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Finding the Right Balance: Over-Spec’ing vs. Under-Spec’ing Trucks

January 26, 2016, by Mike Antich - Also by this author

Spec’ing a truck is a complicated process. Building the right truck requires hundreds of decisions and choices – and each choice potentially impacts another. Where it gets tricky is finding the balance between over-spec’ing and under-spec’ing a truck, each with its own unique set of consequences.

Over-spec’ing a truck increases the capitalized cost of the vehicle, while under-spec’ing increases maintenance costs. With under-spec’ed trucks, there is a tendency by users to overload the vehicle. Besides accelerating replacement of wear items, such as brakes, an over-loaded vehicle also increases the company’s liability exposure if it is involved in a preventable accident.

 Build the Truck to Match the Application

Specifications should be defined by the application and mission requirements. Trucks must be equipped to handle very specific fleet applications, which require specifying a multitude of components such as the right drivetrain, suspension, and body. By understanding day-to-day fleet applications, you will be able to build a truck that meets the users’ daily needs. Without fully understanding the fleet application requirements and operating parameters, it is impossible to spec the best chassis, powertrain, and body necessary to optimize productivity.

Fleet managers must understand how company trucks are intended to be used in the field; however, it is important to be aware that intended usage often does not match real-world usage. Look at the existing trucks in service and investigate the maintenance records. What type of problems has these trucks had, if any? This will help you determine if the current vehicles are under-spec’ed. If they are, then take the necessary steps to correct it. Usually, the majority of trucks that have unscheduled maintenance problems are under-powered and overloaded, which, in addition to increased shop time, results in increased driver downtime.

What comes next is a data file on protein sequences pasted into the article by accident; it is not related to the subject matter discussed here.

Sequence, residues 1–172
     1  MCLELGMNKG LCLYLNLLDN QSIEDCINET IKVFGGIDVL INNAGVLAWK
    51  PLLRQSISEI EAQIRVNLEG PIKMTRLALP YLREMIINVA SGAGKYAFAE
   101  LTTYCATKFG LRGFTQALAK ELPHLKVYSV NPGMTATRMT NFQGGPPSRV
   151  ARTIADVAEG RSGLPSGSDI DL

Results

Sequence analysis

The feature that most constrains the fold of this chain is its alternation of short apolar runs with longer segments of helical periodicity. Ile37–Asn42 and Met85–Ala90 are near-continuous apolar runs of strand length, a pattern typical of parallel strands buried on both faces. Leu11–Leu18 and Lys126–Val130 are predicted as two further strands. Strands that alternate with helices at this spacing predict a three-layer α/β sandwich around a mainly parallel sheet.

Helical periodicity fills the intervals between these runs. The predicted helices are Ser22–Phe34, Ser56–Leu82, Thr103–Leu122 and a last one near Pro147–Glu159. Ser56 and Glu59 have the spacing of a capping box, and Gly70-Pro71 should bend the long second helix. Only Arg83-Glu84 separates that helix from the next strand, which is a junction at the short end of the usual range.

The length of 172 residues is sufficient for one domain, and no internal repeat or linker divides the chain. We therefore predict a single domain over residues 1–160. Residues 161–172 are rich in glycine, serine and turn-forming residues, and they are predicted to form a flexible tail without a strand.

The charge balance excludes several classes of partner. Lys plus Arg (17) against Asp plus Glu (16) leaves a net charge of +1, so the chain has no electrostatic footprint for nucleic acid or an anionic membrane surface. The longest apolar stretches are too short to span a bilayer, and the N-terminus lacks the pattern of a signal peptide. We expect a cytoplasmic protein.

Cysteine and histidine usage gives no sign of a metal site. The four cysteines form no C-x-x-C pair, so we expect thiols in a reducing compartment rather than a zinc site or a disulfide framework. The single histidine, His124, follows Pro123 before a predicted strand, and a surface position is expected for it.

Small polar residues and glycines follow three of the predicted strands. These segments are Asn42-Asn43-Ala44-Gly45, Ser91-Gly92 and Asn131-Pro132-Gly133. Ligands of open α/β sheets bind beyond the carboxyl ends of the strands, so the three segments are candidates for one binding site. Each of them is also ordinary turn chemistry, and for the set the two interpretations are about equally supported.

The most important first step to correctly spec’ing a truck is to meet and talk with the drivers or technicians who will be using the truck. This understanding will influence all truck specifications. It can’t be stressed enough that vehicle specifications must be defined by the fleet application and mission requirements. In the final analysis, it is critical to spec a truck that will accommodate its operational requirements rather than trying to make your operation conform to the truck.

When spec’ing a medium-duty truck, there are a number of key factors that must be spec’ed correctly. If not, you’ll end up making an expensive mistake.

Payload is the foremost consideration to properly spec’ing a truck. Again, it can’t be stressed enough that payload is the most critical aspect of truck spec’ing. To illustrate this fact, the weight of the payload will determine the engine, transmission, size of tire, frame, and just about everything else. The first step in calculating payload is to determine how much weight a truck will need to carry in its daily work application. It is important to determine the maximum need here, not an average. The vehicle must be able to do the job every day with the maximum load at any given time.